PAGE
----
Actual Wisdom: Nancy Workman
Written by Bwog Staff
Tonight’s Actual Wisdom has proof of blatant plagiarism, how unsophisticated Columbia students are, and a defiance of question 5. Meet Nancy Workman:
1. Justify your existence in 30 words or fewer.
I’m quite possibly one of the bestest Core instructors you’ve never heard of.
2. Your claim to fame (what makes you special?):
I’ve been teaching Lit Hum almost continuously since 1999, with one (terrifying) year off to teach CC. My degree is in Russian literature, but since I’ve been teaching in the Core, I’ve learned Latin and started learning Greek.
I get a lot of satisfaction out of watching students who spent the summer dreading Lit Hum, or who think they aren’t “literature types,” gradually get drawn in by the incredibly rich material we deal with and start to (OK, I’m going to use an unprofessional word) love it. Reading and rereading the Core syllabus year after year, having conversations about it and reading and responding to student work has been a whole additional education for me.
3. What’s your most valuable or unexpected college experience?
I went to school in Los Angeles but spent a year at Barnard. Getting to know New York in the gritty early 80’s—bookstores everywhere, and you could see a double bill of “Yojimbo” and “Seven Samurai” for $5 at the Metro Theater—was a real feast for a carless Californian. I took a wonderful class at Columbia with the poet Kenneth Koch in which we read verse dramas and wrote imitations of them. I recently found my final project, a play on the death of Nietzsche in the style of Lord Byron. I’m sure there’s a way to make money out of that, isn’t there?
4. What’s the craziest student excuse/extension story you’ve heard?
Once I was teaching two sections of Lit Hum at the same time and had two roommates, one in each section. They both wrote papers on the same topic. When they handed in revisions, Roommate A had used an unusual font, and Roommate B’s revised paper had some additions that were not only almost identical to things in A’s paper, but were inserted in that same unusual font (though the rest of B’s paper was in a normal font). It was almost as if B had helpfully highlighted for me all the things he had copied from A. When I confronted B, he told me the font switched back and forth because he had worked on the paper on more than one computer.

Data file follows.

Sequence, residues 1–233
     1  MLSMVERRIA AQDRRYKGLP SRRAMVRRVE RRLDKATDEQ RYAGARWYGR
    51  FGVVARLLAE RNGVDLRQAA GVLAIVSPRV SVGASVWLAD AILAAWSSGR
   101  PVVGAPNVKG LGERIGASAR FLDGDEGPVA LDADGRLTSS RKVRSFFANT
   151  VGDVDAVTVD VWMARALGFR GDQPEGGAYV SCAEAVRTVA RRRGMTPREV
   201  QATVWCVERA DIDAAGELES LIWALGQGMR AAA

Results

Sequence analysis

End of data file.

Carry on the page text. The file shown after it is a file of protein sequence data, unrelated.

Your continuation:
5. Would you rather give up oral sex or cheese?
As an adjunct, I’m not eligible for tenure, so in fairness I should be allowed to keep both oral sex AND cheese.
6. Back in my day…
When I was in grad school, there were several major protests on campus, from building a shantytown on the steps to two separate instances of chaining shut and blockading Hamilton (once renamed “Mandela”) Hall. I was somewhat surprised when “Occupy Columbia” failed to happen last spring—but perhaps I should have noticed times have changed.
One other major difference: it used to be possible to sit on the steps of an evening and drink a beer right out of the bottle.
7. Three things you learned at Columbia:
- Contrary to what I used to think, it isn’t impossible for an ordinary mortal to learn Ancient Greek. You just need really big flash cards.
- Teaching is a skill you develop over time and never entirely master, and even the best teachers have strengths and weaknesses. You’re entitled to play to your own strengths and to have your own voice.
- Columbia students may seem sophisticated, but if you have them over to your house for a review session, don’t get all fancy with the Italian sodas, unless you want to throw out a lot of ¾-full cans of limonata.
8. What’s your advice to students/academics/the human race in general?
It’s good to keep finding ways to be a beginner at something, or to persist in some pursuit that interests you but doesn’t come entirely naturally. Don’t get too comfortable.